Dallas Buyers Club case: Some things to know if you have illegally downloaded the movie

SINGAPORE - More than 500 people here who chose to enjoy Oscar-winning film Dallas Buyers Club by downloading it over the Internet found themselves in hot water this week when the owner of the film rights decided it is payback time.

The owner, Dallas Buyers Club LLC, has embarked on a global campaign in countries such as Singapore and Australia to take action against illegal downloaders.

Here are some things copyright infringers, and those thinking of downloading the next movie, ought to know.

Which ISPs here are giving up their customers' details?

All three major Internet service providers - Singtel, StarHub and M1 - have received court orders to cough up their customers' details. More than 500 Singapore Internet protocol (IP) addresses have apparently been identified.

The Straits Times understands that Dallas Buyers Club LLC had asked for subscriber details from the ISPs last year, but failed.

It then made an application to the High Court earlier this year to force the ISPs to release customer details.

M1 was the first to comply in January. StarHub and Singtel are in the process of doing so.

MyRepublic and ViewQwest said they did not receive any request for subscriber details.

Who are in trouble?

Only people who shared the downloaded movie with other people via BitTorrent, said Mr Steve Dalby, the former chief regulatory officer of Australian ISP iiNet, according to 2DayFM.

"They (Dallas Buyers Club LLC) can't detect downloaders so if I downloaded it but never shared it I wouldn't be concerned about it," he told Fairfax Media.

However, arguing that the movie was shared accidentally will not hold water in court, the Sydney Morning Herald (SMH) said.

If a person's BitTorrent programme shares even a small portion of the file, he will be liable.

How are other countries handling the issue?

In the United States and United Kingdom, a large number of letters of demand are sent out to suspected infringers to pressure people to "pay-up or else", said SMH.

These infringers often pay what the rights holders demand to avoid a costly legal case.

In Australia, however, people who have received the letters should not expect to pay up immediately.

SMH said the Australian Federal Court has ordered that any letters to be sent by the rights holders must be vetted by the court first.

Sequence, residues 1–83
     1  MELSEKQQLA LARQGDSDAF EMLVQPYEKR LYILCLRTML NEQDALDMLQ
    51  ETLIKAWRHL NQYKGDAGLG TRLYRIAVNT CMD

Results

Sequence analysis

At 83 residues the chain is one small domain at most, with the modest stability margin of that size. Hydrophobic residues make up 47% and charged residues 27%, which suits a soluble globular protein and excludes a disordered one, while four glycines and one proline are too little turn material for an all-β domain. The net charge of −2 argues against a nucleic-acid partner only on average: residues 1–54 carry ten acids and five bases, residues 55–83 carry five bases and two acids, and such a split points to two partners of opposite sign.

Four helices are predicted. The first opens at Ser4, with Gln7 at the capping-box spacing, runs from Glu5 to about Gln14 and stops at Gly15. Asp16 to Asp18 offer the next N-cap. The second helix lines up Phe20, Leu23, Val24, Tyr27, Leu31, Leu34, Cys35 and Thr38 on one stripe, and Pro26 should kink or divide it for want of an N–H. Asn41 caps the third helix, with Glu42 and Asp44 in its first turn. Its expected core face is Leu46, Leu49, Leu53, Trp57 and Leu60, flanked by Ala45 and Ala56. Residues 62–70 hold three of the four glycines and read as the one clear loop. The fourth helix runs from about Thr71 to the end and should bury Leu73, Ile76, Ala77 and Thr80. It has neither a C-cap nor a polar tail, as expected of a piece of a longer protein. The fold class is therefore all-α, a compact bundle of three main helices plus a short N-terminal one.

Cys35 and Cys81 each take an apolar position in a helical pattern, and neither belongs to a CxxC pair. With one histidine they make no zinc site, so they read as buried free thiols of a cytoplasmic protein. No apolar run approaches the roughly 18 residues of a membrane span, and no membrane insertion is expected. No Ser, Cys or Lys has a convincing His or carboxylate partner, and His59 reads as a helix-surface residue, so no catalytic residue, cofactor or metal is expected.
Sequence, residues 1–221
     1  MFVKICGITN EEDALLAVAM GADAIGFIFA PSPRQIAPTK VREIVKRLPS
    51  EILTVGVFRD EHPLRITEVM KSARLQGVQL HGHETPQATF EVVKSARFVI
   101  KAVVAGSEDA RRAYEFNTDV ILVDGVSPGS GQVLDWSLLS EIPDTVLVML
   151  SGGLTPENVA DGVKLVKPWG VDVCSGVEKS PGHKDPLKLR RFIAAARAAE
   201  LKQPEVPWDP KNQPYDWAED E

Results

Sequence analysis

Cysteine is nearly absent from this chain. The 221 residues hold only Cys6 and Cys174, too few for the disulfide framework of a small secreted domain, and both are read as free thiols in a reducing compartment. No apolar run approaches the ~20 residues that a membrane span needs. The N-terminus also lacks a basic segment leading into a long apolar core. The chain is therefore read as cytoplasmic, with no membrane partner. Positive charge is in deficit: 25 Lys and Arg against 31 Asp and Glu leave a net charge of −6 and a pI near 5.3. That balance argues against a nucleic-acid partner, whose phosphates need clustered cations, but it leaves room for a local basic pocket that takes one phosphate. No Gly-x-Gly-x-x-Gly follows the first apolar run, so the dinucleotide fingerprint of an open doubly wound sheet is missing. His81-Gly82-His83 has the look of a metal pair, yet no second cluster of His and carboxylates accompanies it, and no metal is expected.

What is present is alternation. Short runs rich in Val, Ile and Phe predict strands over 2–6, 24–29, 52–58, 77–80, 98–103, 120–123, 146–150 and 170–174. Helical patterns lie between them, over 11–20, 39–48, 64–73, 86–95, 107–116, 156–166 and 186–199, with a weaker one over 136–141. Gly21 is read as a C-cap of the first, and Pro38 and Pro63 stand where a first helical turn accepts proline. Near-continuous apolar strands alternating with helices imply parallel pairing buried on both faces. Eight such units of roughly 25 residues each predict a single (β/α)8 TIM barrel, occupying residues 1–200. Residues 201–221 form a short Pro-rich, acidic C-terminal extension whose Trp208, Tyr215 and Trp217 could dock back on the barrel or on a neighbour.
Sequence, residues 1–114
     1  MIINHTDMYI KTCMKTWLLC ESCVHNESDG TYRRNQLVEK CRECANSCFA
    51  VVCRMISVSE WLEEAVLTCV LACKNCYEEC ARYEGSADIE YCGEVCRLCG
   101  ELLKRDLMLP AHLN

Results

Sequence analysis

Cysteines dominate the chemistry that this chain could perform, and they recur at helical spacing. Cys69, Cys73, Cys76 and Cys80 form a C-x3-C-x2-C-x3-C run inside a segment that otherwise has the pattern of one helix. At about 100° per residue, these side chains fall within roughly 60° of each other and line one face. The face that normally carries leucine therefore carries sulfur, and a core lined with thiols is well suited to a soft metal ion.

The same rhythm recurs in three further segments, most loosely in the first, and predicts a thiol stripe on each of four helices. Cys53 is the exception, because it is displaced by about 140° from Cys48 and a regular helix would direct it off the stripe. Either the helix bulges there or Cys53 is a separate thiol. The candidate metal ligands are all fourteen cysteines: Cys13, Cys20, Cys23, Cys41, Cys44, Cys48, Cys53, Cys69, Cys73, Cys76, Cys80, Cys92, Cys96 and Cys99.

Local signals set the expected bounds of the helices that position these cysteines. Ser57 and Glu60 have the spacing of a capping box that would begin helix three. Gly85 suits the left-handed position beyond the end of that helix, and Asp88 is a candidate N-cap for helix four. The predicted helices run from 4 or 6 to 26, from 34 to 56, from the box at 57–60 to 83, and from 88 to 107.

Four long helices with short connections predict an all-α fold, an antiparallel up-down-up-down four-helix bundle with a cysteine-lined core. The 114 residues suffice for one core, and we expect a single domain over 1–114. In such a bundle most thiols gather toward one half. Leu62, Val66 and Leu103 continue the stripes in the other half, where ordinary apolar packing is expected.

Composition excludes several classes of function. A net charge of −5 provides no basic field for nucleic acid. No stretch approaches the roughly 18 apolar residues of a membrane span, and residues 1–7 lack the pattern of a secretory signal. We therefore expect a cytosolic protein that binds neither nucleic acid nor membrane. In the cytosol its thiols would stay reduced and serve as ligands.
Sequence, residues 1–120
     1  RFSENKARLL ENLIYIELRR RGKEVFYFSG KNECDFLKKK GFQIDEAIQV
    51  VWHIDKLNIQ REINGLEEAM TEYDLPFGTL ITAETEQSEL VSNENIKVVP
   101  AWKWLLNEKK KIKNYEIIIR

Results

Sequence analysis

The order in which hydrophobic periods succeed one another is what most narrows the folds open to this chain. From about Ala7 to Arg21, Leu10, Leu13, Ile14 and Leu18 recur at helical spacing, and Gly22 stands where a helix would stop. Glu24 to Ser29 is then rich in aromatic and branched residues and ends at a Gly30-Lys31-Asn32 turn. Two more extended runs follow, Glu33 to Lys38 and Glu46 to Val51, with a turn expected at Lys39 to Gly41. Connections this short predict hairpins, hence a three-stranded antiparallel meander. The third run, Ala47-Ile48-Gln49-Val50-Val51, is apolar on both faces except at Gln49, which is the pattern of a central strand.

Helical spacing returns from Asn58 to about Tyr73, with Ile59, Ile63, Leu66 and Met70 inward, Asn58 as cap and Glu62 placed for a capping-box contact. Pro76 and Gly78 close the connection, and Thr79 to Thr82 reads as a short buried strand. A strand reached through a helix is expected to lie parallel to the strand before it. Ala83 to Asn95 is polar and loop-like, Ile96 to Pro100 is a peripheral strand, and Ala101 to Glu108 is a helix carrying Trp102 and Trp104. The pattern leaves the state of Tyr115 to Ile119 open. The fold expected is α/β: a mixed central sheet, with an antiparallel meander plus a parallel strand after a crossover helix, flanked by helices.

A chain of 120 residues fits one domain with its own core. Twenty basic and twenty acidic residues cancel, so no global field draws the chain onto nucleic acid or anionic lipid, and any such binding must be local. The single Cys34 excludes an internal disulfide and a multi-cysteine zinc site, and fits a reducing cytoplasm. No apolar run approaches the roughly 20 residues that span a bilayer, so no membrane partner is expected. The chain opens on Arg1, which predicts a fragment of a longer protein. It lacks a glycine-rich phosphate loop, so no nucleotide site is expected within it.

ABC News quoted Communications Alliance chief executive John Stanton as saying he doubted that outrageous demands would be allowed in Australia, as he believes "damages in Australia are typically compensatory, not punitive".

Will it be easy for consumers to be sued?

No. The firm must identify the actual people who had infringed the film's copyright. It will also have to contend with the high costs of a civil suit.

Singapore lawyer Bryan Tan, a technology partner at Pinsent Masons MPillay, said the firm must establish a link between the ISP address and the person they are taking action against.

This is tricky because families share the same Wi-Fi connection, and as such, have the same IP address. Some unsecured Wi-Fi connections can also be freely accessed by anyone.

"It is unclear whether the law will presume liability for the Internet account holder," said Mr Tan.

Are court proceedings likely?

Not for cases of small-scale downloads as the real value of the infringement is only the price of a licensed movie download or a DVD, plus legal fees and investigation costs, said Mr Lau Kok Keng, intellectual property lawyer at Rajah & Tann Singapore.

Otherwise, copyright holders can claim statutory damages under Singapore's Copyright Act. This can go up to $10,000 per title per person.

Should downloaders be very alarmed?

Not according to an intellectual property lawyer in Australia, who said a large fine is not likely, as Dallas Buyers Club LLC is most likely trying to educate the public about copyright infringement, not to threaten them.

ABC News cited Mr Peter Banki, an IP lawyer at Banki Haddock Fiora Lawyers, as saying downloaders should not be unduly alarmed if they have been "simply copying instead of buying an authorised copy but they're not involved in large scale or commercial activities".

I received a letter from Dallas Buyers Club LLC. What should I do?

Get legal help - that's the advice of Singapore lawyer Bryan Tan, a technology partner at Pinsent Masons MPillay. He said those who have infringed copyright laws will face penalties "if this goes all the way".

Intellectual property lawyer Cyril Chua of ATMD Bird & Bird said the film studio may sue a few individuals here to scare people into paying the settlement fee, which has not been disclosed.

Sources: ABC News, Sydney Morning Herald, 2DayFM